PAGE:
Frida Kahlo in Managua


On February 8th the photo exhibit “Frida Kahlo through the lens of ten greats” was inaugurated in Managua, portraying different facets of the Mexican painter

By Yamlek Mojica L.  (Confidencial)

Portraits of the “other” Frida rendered by ten famous photographers

HAVANA TIMES – We associate Frida Kahlo with those thick eyebrows, the flowers in her hair, and the colorful Mexican attire. According to the experts, all this was part of “a great performance” that also became her artistic image.

The “Ortiz Gurdian” Foundation is presenting through May in Managua the exhibit “Frida Kahlo through the lens of ten greats”, a series of photographs of Frida taken by ten important artists of the era, all of whom illustrate a more hidden side of the painter.

Juanita Bermudez, coordinator of the foundation’s cultural program, expressed in an interview for the television program “Esta Noche” [“Tonight”] that due to the impossibility of bringing pieces from Frida’s collection to the country, they sought to highlight her iconic image as art, since, according to the cultural emissary, “her life in itself was a great artistic performance.”

The fact is that Frida was marked by tragic events, and her work openly exposes this.  At six, she contracted polio, a disease that paralyzes the muscles, and in her youth she suffered an accident that left her bedridden and subject to multiple operations.

Although her paintings narrate her path under the shadow of these illnesses, they made it impossible for her to create a more extensive work than that we currently know. The paintings that exist are in the world’s largest museums or in private collections, making it impossible to present them in Nicaragua.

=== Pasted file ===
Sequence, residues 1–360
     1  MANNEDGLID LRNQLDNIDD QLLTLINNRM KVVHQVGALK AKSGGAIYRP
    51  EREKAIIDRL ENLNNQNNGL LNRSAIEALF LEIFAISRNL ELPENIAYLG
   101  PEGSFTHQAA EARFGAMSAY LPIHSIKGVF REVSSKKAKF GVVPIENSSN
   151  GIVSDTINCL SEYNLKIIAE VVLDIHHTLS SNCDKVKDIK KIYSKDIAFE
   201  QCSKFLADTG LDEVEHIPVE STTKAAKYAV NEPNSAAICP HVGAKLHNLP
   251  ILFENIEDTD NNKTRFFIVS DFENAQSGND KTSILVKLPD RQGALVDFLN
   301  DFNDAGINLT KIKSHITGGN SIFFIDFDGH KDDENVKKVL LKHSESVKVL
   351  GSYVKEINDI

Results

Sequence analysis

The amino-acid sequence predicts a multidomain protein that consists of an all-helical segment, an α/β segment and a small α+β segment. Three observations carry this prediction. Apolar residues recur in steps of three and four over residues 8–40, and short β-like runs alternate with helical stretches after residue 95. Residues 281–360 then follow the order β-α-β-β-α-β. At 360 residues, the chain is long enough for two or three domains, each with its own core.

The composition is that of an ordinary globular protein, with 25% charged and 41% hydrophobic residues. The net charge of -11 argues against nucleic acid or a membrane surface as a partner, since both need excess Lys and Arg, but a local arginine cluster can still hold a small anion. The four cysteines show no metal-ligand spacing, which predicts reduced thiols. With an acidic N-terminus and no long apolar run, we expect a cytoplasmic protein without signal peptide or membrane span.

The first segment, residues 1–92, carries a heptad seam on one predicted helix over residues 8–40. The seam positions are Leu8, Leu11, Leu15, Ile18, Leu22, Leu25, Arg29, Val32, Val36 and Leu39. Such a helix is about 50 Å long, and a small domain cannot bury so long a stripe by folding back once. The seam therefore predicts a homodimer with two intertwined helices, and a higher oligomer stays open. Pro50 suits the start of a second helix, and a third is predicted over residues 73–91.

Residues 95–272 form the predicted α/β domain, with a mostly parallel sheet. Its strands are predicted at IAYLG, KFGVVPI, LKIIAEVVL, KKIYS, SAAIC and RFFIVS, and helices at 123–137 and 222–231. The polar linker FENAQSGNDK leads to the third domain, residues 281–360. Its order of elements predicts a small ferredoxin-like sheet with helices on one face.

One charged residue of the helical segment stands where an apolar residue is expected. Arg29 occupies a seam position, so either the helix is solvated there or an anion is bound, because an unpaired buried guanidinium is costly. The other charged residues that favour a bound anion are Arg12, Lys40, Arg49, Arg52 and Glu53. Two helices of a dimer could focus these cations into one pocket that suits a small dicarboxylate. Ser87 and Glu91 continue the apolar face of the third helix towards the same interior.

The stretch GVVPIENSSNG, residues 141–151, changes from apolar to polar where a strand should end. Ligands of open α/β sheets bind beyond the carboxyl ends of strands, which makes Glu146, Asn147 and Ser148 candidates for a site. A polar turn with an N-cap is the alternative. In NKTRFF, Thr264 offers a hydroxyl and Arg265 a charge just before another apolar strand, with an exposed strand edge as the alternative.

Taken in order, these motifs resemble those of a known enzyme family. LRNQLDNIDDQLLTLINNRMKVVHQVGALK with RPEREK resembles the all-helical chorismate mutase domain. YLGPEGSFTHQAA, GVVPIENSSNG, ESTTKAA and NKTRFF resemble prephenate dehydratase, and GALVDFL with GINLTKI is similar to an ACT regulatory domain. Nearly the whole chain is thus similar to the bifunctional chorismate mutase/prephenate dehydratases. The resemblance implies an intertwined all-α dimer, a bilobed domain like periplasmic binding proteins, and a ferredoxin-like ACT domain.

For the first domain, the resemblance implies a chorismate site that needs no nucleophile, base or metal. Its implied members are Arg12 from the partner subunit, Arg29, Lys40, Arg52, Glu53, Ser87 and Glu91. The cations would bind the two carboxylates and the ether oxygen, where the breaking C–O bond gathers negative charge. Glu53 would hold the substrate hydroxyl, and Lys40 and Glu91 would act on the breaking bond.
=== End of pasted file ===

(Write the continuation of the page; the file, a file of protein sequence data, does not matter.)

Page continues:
Nevertheless, the role that this Mexican woman has played in modern culture make her indispensable within the study of the arts.  As such, the photos and an appreciation of her is equally important, Bermudez feels.

Although Frida was part German and a member of the middle class, she always embraced her Mexican roots and was proud of her indigenous ancestry. She demonstrated this in her clothing, a declaration to the empowerment of her native land.

“Her life was a performance”

Despite the fact that many of the photos of Frida were widely produced and well thought out, it’s said that the image we see of the painter was nothing less than an artistic “performance” with her own body.

Nevertheless, the photographic display exposes the humanity behind the artist. “Frida had someone that arranged her hair the way we see it in the photos, she had someone who placed the flowers, arranging them according to her conditions. It wasn’t something done suddenly and without thinking,” Bermudez states.

Tatiana Torres, director of the Ortiz Foundation’s Art Center, noted that the majority of the photographers represented in the exhibit had a close connection with the artist. Among them were Antonio Kahlo, son of Cristina Kahlo, Frida’s younger sister, and Luciene Bloch, an intimate friend of Diego Rivera’s and of the artist.

“They all had some level of closeness, of intimacy, with her, which makes this selection of portraits even more special. All these photographers were characterized by knowing deeply the person they were immortalizing,” Torres affirms.

In the exhibition, there is more context given to each one of the photos and their creators. There are also reproductions of the painter’s works that will aid in understanding the shots. The gallery is located in the Art Center of the Ortiz Gurdian Foundation, on the first floor of the Malaga building in Plaza Espana.  The exhibit will be open until May.

3 thoughts on “Frida Kahlo in Managua

  • I have seen two films on Frida Kahlo, one I think was Cuban. Both were prior to the Salma Hayek film

    In one of these films I recall the dramatic scene of her as a teenager, in her wheel chair, in the company of teenage boys. The boys are dressed very properly. They look like upper middle class boys on their way home from church.
    When they reach a raised plaza somewhere in Mexico City, leaflets are brought out from under her blanket and scattered to the plaza below.